Labour demands greater investment in autism supports
- Labour Autism Bill seeks to address unmet needs of people with autism in our communities
The consistent lack of investment in autism services is eroding the chances of autistic people to thrive in our society, said Labour education spokesperson Aodhán Ó Ríordáin. In June, Labour proposed a bill to put in place a coherent framework to address the unmet needs of people with autism in our communities.
Deputy Ó Ríordáin said:
“It was deeply frustrating to hear the battle that the Darmody family have faced in accessing supports for their children on Morning Ireland this morning. I want to comment Cara and her father Mark for advocating for change, but it’s simply not good enough that families are in a constant battle for fairness with the State.
“As it stands, Ireland has no coherent framework to address the unmet needs of people with autism in our communities. Labour’s Bill can change that, but only if Government steps up to the plate. We need a strategy for autism on a legislative footing, because right now, the Department’s only response to this issue is awe. It is welcome that the Taoiseach is meeting families today, but what good is a meeting unless positive change is brought about? These children need the law on their side to make meaningful change.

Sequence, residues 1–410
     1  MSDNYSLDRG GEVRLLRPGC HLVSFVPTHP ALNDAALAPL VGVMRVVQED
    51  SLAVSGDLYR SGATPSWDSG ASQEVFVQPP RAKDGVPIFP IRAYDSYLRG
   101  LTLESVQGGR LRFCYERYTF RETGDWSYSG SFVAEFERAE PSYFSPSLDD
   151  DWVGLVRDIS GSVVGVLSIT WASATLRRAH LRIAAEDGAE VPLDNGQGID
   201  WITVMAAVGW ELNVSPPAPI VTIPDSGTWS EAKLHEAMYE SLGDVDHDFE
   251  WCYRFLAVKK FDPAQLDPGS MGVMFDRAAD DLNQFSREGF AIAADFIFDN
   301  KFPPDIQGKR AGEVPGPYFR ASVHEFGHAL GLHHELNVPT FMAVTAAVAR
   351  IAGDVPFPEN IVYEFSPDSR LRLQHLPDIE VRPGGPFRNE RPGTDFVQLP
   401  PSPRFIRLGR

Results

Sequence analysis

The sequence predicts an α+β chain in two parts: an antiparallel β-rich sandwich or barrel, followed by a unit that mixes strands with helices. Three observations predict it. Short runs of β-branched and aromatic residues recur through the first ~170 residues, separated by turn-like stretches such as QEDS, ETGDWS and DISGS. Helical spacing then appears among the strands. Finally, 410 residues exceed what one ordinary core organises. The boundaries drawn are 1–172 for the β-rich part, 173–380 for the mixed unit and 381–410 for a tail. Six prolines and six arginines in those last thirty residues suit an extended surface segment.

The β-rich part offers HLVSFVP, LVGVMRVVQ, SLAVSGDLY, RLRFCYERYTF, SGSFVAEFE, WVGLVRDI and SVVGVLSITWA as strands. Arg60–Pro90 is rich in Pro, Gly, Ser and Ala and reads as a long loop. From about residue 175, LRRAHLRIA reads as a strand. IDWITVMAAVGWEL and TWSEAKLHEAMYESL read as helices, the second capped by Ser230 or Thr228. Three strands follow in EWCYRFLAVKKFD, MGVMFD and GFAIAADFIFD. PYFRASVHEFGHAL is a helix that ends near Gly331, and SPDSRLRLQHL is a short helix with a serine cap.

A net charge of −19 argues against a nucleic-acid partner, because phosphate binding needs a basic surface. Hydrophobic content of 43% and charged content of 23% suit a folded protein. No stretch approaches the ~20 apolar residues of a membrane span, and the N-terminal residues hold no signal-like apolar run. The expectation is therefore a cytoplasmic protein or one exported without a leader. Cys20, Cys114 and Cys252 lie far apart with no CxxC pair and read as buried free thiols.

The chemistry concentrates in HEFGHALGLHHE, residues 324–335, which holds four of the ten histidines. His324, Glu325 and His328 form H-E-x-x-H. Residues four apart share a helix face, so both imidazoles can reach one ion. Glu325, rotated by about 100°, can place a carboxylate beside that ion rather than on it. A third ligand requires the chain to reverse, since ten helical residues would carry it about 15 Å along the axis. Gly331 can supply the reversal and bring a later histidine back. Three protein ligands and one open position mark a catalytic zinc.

“The Government is letting young people with autism and their families down. The harsh reality young people with autism and their parents face is one of relentless pressure. Many children are still without an appropriate school place for September, many are travelling huge distances to access education, more have been forced to accept a school place that is inappropriate for their needs. Many, many more are waiting for assessments and basic interventions, which we know are key to giving autistic children a fair start.
“The Ombudsman for Children’s report published in June is plain and direct. The current failures in the system amount to discrimination against children with special educational needs, especially those with autism. We know that other countries, like Malta, do so much better than us. They have proper workforce planning in place, they know the numbers of places required and they make it happen come what may. The reality is that we, as a State, are letting so many of our most vulnerable children down and we need to face up and get to grips with that.
“Last month, Labour TDs met with dozens of teachers, parents, young people, and advocates from across the country to plan the next steps in our campaign for equality and decent services for people with autism. Their presence in the Dáil Gallery during the debate on Labour’s Autism Bill sent a strong message to Government TDs: We will not stop working together until real change happens. There is no time to wait.”